Mackenzie, Dr John (d. 1837)
Mackenzie, a native of Ayrshire, studied medicine at Edinburgh University, and, on the invitation of Sir John Whitefoord, set up in practice in Mauchline, where he married Helen Miller, one of the 'Mauchline belles'.
He first met Burns when he attended the poet's father, William Burnes, at Lochlea in the early spring of 1783. Dr Mackenzie later recorded that at first: 'The Poet seemed distant, suspicious, and without any wish to interest or please. He kept himself very silent in a dark corner of the room; and before he took any part in the conversation, I frequently detected him scrutinising me during my conversation with his father and brother. But afterwards, when the conversation, which was on a medical subject, had taken the turn he wished, he began to engage in it, displaying a dexterity of reasoning, an ingenuity of reflection, and a familiarity with topics apparently beyond his reach, by which his visitor was no less gratified than astonished.'
Mackenzie became a warm friend to Burns, particularly after Burns went to Mossgiel. Depute Master of St James Lodge, Tarbolton, Mackenzie received in 1786 from Burns a rhymed summons to attend: 'a procession celebrating the Festival of the Nativity of the Baptist, Friday first's the day appointed'. In 'The Holy Fair', Dr Mackenzie is personified as 'Commonsense', who left the assembly to keep a dinner appointment with Sir John Whitefoord at the home of the Earl of Dumfries as soon as 'Peebles, frae the water-fit' began to preach.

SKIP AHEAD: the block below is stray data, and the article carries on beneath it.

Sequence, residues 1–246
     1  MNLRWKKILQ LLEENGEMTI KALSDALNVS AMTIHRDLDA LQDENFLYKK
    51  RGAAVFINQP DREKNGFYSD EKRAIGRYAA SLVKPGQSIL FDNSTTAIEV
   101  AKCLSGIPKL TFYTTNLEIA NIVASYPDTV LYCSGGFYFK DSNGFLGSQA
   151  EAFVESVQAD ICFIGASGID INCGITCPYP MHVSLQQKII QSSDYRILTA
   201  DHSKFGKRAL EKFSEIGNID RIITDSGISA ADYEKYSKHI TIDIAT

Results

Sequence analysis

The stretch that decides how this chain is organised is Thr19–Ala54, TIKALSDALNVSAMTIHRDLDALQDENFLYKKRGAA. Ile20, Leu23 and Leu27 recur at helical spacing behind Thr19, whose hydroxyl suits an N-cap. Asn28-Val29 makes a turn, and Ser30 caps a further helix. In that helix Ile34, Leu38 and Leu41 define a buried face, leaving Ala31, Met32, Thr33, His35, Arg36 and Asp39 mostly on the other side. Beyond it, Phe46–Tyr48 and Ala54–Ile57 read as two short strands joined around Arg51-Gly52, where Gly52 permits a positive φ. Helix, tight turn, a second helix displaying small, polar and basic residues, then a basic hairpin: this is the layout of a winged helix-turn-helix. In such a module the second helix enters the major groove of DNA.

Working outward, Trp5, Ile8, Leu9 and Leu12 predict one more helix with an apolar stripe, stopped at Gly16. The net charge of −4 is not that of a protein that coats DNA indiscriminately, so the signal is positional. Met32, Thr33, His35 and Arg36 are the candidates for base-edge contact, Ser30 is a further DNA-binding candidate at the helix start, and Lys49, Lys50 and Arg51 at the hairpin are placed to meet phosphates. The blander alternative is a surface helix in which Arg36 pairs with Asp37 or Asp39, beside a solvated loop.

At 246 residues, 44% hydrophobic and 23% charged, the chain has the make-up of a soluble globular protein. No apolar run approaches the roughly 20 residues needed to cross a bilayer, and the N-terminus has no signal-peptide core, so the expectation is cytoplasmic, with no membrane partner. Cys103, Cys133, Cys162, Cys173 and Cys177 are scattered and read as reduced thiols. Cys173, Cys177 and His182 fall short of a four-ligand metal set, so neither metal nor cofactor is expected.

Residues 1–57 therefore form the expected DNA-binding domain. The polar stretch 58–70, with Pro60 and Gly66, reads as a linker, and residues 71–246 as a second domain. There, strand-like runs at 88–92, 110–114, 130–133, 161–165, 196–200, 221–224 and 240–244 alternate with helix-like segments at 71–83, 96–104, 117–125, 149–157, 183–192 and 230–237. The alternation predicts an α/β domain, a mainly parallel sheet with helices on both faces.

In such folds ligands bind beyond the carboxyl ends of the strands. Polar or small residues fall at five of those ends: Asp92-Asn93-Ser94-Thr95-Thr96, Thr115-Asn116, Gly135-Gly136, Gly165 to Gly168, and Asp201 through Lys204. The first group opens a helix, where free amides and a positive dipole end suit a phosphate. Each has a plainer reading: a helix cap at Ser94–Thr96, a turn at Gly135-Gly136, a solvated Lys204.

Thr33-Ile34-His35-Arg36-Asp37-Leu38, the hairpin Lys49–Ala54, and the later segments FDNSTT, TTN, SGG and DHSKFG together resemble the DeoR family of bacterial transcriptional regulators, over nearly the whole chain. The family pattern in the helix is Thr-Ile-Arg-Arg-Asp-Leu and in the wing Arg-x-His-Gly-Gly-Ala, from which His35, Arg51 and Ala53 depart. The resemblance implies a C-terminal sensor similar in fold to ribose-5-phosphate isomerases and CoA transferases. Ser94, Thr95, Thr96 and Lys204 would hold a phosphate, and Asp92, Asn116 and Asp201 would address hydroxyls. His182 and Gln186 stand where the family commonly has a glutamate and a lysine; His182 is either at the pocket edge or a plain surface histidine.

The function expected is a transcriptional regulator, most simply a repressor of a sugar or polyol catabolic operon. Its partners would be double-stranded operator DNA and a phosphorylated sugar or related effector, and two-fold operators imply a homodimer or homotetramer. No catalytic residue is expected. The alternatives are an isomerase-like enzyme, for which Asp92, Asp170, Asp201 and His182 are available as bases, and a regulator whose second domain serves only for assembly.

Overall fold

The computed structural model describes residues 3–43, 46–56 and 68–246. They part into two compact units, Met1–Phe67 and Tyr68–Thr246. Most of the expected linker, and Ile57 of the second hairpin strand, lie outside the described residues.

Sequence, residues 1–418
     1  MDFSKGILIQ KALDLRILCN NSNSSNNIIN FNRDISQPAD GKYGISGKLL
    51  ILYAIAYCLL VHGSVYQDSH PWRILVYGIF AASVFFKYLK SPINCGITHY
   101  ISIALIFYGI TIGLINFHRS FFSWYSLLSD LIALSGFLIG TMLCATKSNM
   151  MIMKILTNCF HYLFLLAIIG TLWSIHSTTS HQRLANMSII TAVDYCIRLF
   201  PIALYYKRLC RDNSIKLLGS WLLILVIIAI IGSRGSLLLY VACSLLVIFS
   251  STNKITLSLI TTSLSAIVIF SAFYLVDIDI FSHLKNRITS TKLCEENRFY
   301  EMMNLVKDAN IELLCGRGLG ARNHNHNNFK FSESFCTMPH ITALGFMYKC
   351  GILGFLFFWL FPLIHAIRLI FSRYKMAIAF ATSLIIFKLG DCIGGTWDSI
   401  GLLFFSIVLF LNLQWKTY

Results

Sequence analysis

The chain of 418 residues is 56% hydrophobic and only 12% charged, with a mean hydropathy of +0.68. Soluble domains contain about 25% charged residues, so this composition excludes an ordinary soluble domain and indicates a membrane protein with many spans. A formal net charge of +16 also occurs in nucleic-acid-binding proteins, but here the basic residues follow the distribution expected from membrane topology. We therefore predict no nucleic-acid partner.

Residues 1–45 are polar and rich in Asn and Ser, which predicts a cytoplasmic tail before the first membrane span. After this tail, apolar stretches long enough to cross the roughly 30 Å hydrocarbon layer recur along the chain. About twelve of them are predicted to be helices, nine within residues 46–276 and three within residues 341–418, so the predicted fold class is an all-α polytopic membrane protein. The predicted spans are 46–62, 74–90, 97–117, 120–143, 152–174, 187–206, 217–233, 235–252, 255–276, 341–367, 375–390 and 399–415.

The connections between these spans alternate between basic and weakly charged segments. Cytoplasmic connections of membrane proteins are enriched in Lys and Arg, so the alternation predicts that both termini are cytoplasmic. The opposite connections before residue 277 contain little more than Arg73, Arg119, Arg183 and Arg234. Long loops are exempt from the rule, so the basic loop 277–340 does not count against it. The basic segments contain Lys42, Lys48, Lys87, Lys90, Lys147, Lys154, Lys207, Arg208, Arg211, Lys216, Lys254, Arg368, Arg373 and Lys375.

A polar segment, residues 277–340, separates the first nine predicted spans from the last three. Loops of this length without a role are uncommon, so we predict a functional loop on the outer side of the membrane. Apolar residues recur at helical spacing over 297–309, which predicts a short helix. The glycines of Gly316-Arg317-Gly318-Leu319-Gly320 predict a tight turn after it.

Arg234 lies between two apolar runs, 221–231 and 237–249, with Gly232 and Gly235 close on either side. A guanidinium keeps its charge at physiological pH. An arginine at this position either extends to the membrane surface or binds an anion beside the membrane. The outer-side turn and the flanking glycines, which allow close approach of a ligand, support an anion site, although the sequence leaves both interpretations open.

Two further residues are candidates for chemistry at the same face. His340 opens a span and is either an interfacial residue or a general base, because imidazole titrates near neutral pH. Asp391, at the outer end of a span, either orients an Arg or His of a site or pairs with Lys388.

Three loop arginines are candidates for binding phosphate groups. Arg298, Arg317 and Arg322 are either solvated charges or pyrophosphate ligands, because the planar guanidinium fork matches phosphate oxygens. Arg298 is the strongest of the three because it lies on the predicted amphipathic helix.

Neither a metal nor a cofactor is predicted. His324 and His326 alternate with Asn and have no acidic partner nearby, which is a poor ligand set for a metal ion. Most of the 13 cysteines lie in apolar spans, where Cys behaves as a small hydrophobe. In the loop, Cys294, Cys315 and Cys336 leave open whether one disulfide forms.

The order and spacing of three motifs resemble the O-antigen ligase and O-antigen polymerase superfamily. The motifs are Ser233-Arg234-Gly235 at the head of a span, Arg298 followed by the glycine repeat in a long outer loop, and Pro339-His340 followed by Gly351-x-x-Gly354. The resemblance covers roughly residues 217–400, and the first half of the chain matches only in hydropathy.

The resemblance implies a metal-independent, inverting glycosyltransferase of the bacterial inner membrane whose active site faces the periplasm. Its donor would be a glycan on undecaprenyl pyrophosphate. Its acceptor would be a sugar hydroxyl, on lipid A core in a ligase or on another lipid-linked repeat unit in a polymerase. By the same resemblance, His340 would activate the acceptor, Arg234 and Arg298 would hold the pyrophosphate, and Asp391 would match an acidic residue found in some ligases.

Mackenzie received from Burns a two-line note, dated 3rd September 1786, enclosing a first draft of 'The Calf'. It was thanks to Mackenzie that Burns was introduced to Professor Dugald Stewart.
When Burns set out for Edinburgh, Mackenzie had already sent off letters of recommendation to Sir John Whitefoord and to the Honourable Andrew Erskine. Whitefoord received Burns with special kindness, as Burns reported to Mackenzie in a letter dated 11th January 1787. On the poet's return from Edinburgh in February 1788, he rented a room in Mackenzie's house for Jean and himself, where Jean's second twins were born. The house is now a museum.
Dr Mackenzie later moved to Irvine, on the invitation of Lord Eglinton, whose family physician he became. He retired in 1827.